Health literacy

Adivasi Lives Matter

In today's tech savvy world, information is just a click away with our mobile phones and computers, or if those aren't in reach, our televisions and even radios all help keep us informed. But what if we didn't have any of these available to us? How would we find out important health and community information?

HCR have been working in partnership with Seva Social Welfare Foundation in remote parts of India’s Maharashtra state, home to many indigenous groups known as Adivasis. The Adivasi community face prejudice from mainstream India and suffer poorer health. This is all changing with the innovative 'speaker box' project which is bringing important health information and education to households.

Radio a key to health literacy in Pakistan

HCR Pakistan, in collaboration with other agencies has been hosting a health camp in a deprived region of Khyber Pakhtunkhwa province.  Working closely with a local radio station, the Director of HCR Pakistan, Hazeen Latif, said that many of the illnesses that presented themselves during the day could have been prevented with better knowledge.  "Radio is a key tool in promoting health literacy in the community and therefore should be the first line of defence against many diseases," he said.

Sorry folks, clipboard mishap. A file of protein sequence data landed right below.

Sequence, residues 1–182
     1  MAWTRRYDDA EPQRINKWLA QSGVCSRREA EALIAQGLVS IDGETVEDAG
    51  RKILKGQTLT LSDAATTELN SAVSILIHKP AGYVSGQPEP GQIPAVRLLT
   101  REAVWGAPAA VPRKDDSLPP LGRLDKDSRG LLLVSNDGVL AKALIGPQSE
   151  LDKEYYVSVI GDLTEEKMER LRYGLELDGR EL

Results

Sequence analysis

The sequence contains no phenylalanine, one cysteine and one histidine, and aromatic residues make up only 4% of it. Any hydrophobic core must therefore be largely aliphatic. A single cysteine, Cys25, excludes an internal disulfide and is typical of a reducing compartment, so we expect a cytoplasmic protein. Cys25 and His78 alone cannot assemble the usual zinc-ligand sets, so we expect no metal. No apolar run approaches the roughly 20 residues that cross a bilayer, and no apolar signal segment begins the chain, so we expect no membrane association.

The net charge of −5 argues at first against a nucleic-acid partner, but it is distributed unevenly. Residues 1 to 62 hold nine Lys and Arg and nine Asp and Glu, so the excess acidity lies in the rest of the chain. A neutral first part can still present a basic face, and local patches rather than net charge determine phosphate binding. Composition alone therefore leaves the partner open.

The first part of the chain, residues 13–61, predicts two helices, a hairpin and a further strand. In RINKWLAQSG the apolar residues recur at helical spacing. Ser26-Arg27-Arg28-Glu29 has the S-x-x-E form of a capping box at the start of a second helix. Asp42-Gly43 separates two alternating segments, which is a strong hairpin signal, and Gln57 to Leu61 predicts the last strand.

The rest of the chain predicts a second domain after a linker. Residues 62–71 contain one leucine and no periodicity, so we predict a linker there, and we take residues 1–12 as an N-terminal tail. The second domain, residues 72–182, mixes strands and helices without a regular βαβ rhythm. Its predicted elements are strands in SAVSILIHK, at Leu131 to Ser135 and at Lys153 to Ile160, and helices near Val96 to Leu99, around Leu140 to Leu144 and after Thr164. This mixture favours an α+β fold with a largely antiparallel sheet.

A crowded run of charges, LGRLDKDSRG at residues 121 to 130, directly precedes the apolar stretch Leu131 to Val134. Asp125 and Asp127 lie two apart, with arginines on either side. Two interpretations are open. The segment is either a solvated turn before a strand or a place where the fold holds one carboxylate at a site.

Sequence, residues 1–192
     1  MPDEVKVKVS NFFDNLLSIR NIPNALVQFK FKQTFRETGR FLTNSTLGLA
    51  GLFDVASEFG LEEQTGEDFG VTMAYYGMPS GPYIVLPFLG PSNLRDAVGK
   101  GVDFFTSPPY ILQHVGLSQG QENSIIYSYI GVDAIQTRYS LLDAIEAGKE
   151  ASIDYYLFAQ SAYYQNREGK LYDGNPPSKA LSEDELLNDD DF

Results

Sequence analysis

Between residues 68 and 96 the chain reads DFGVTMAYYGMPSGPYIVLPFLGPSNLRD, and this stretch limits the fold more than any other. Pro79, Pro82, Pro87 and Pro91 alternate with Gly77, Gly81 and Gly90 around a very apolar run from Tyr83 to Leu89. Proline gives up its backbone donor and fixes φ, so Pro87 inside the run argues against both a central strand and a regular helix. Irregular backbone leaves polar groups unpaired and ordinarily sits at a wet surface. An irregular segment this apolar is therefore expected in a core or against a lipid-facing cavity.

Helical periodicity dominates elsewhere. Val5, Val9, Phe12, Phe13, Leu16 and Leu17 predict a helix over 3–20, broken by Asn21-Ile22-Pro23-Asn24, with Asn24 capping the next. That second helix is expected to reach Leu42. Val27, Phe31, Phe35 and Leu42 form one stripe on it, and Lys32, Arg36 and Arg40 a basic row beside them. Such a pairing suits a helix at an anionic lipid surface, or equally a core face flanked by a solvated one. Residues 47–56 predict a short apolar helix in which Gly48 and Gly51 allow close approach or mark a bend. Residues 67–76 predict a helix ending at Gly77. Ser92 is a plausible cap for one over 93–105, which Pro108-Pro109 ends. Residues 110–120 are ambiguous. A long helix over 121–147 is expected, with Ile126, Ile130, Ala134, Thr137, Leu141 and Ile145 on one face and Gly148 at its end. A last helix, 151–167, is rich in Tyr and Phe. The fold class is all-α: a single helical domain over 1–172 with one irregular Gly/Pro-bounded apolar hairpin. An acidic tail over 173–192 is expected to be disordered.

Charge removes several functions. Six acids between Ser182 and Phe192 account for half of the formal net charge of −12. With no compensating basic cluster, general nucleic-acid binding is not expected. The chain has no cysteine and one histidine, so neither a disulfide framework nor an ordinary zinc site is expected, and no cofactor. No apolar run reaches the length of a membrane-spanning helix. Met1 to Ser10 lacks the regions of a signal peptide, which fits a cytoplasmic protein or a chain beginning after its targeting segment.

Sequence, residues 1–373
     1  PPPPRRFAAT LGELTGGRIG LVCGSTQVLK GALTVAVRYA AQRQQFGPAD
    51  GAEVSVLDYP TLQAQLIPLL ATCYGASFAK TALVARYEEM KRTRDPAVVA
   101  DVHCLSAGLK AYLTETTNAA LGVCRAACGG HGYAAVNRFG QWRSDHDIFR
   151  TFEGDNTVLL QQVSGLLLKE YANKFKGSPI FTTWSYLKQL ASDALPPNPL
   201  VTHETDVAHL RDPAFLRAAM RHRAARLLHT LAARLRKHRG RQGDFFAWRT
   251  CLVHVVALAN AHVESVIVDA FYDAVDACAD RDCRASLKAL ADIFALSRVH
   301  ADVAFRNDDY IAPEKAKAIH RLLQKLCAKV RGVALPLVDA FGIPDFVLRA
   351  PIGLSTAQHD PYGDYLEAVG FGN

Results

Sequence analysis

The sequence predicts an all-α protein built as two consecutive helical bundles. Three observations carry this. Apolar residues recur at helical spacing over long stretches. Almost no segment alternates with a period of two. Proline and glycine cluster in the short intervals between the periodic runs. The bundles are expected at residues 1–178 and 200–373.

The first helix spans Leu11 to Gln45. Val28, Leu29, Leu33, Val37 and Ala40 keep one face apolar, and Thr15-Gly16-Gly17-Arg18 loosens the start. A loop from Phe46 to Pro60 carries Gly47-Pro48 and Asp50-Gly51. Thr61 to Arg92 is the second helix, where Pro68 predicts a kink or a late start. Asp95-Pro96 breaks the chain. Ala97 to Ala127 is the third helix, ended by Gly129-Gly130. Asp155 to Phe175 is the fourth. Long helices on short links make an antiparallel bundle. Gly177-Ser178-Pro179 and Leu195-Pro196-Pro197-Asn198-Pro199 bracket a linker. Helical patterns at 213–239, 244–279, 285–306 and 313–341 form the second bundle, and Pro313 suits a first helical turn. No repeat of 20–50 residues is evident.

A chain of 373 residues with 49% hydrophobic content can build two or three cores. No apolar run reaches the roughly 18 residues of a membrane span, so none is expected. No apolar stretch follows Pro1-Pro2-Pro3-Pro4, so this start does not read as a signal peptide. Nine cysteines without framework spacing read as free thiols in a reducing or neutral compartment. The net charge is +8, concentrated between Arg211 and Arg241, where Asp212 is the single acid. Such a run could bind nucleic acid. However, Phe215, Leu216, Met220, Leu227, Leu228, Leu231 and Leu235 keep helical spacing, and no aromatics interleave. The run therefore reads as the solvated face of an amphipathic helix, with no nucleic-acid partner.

A journalist interviews one of the doctors during the camp for broadcast on local radio

A journalist interviews one of the doctors during the camp for broadcast on local radio

During the one-day health camp, the team were able to treat more than 300 people, with many of those attending, presenting water-borne diseases, or health issues related to poor diet and anaemia.

Poverty and income inequality in Pakistan have been increasing during the last few years and the link between poverty and health is well established worldwide.  The link is both direct, due to lack of access to health services and indirect, due to lack of awareness about health-related issues.  Hazeen believes we tackle all these issues.

"Partnership will be a key if we really want to see people's lives improved and make a difference in this community," Hazeen says.  "To that end HCR is working with service providers, community based organisations, local government and most importantly the local community. By equipping people with knowledge and information and giving them a voice, they themselves become agents of change."

A local health worker consults community members in Khyber Pakhtunkhwa province